The arrival of the GDPR (General Data Protection Regulation) is less than a week away. However, many businesses are still not prepared for the legislation shake-up that could see huge sanctions imposed for non-compliance. Experts at UK based IT support solutions company, TSG, explain for Finance Monthly what the key considerations are when it comes to the finance sector.

If your business is unprepared for GDPR, you are not alone. A Populus survey conducted only this year revealed that 60% of UK businesses do not consider themselves “GDPR ready”. It’s definitely not too late to put measures in place to ensure compliance with the regulation. Following the introduction of GDPR on 25th May, complying with GDPR will be a continuous journey.

What are the key areas you should be considering in light of the looming GDPR deadline?

Cyber-security tops the list

In this digital world, we produce, store and disseminate huge amounts of data. And a significant portion of that will be Personally Identifiable Information (PII); this is the data that matters under GDPR.

Even if, as a business, you don’t store customers’ sensitive data, you’ll still store the data of your employees. Therefore, all businesses must put measures in place to safeguard that digitally-stored data.

Encrypt everything

Arguably the most valuable cyber-security tool at your disposal is encryption. Not only is it a robust way to keep your data inaccessible to cyber criminals, it’s the only method that’s explicitly mentioned multiple times in the GDPR. Should any PII data you hold fall into the wrong hands – whether deliberately or accidentally – encryption will render it unintelligible. Encryption can operate at a file, folder, device or even server level, offering the level of protection most suited to your business needs.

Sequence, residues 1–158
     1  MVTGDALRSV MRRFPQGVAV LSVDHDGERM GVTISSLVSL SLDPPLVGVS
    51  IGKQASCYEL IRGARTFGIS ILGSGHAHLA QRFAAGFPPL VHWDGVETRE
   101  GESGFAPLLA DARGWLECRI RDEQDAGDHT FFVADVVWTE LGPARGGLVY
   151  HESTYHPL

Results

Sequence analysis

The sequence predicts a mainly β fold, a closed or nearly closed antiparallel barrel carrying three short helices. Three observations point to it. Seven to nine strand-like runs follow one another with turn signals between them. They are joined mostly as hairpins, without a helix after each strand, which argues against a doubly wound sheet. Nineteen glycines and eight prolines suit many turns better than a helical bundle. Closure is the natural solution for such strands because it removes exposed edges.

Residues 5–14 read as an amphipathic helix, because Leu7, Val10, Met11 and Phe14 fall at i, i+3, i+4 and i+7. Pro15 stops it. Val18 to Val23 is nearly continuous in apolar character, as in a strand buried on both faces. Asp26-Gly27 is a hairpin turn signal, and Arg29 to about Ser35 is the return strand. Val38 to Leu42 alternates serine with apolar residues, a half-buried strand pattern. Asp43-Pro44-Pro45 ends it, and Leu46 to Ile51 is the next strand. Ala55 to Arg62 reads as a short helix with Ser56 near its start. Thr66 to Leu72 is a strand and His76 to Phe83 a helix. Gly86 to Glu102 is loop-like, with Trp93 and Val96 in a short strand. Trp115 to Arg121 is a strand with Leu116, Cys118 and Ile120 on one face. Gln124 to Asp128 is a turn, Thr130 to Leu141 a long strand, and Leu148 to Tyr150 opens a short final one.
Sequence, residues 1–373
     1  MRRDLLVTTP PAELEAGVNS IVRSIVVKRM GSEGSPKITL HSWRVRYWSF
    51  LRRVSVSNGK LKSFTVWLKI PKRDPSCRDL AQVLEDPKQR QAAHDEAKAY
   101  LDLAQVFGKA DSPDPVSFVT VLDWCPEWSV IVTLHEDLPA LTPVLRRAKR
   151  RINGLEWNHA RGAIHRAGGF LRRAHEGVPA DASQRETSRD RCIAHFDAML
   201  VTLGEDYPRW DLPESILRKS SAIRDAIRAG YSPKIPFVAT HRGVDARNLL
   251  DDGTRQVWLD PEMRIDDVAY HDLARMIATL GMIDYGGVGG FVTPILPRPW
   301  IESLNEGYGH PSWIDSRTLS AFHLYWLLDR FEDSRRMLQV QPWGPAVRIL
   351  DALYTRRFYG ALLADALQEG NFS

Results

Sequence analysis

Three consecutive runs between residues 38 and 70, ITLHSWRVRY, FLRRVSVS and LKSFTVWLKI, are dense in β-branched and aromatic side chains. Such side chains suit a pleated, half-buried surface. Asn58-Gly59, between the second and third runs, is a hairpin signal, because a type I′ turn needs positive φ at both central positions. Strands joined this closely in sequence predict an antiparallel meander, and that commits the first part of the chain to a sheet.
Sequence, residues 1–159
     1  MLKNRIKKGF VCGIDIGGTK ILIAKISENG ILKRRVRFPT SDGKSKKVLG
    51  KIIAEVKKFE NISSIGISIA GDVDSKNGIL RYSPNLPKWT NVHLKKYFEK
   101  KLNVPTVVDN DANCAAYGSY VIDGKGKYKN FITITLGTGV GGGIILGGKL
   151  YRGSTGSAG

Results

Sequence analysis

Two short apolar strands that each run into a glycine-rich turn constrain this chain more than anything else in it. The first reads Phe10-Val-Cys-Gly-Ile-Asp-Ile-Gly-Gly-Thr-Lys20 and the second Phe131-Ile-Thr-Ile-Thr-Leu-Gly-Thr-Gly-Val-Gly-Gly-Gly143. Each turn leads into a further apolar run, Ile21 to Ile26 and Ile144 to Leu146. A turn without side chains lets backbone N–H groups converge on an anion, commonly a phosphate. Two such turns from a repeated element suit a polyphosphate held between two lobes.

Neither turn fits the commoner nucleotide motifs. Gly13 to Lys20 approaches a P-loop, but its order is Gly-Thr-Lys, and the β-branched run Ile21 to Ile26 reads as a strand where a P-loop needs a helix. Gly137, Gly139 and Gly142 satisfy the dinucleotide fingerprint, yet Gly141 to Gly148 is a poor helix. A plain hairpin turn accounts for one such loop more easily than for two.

Review your policies and processes

The GDPR requires you to implement policies that detail how you intend to process personal data and how you will safeguard that data. It also states that data controllers – that’s your business – must “adopt internal policies and implement measures which meet in particular the principles of data protection by design and data protection by default.” All new policies, whether specifically related to GDPR or not, must be compiled with a ‘privacy by design’ model. Existing policies, including your data protection policy, privacy policy and training policy should also be reviewed in light of GDPR.

Don’t forget subject access requests

Much of the coverage of GDPR has focused on two areas: data breaches and the potentially eye-watering fines. An area that’s arguably been overlooked is complying with subject access requests. Individuals can request access to the data you hold on them, verify that you’re processing it legally and, in some cases,, request erasure of their data – also known as the ‘right to be forgotten’. Under GDPR you’ll have only a month to respond to these requests, otherwise you’ll be at risk of non-compliance. More guidance on this can be found on the Information Commissioner’s Office (ICO) GDPR guide.

Don’t forget your reporting obligations either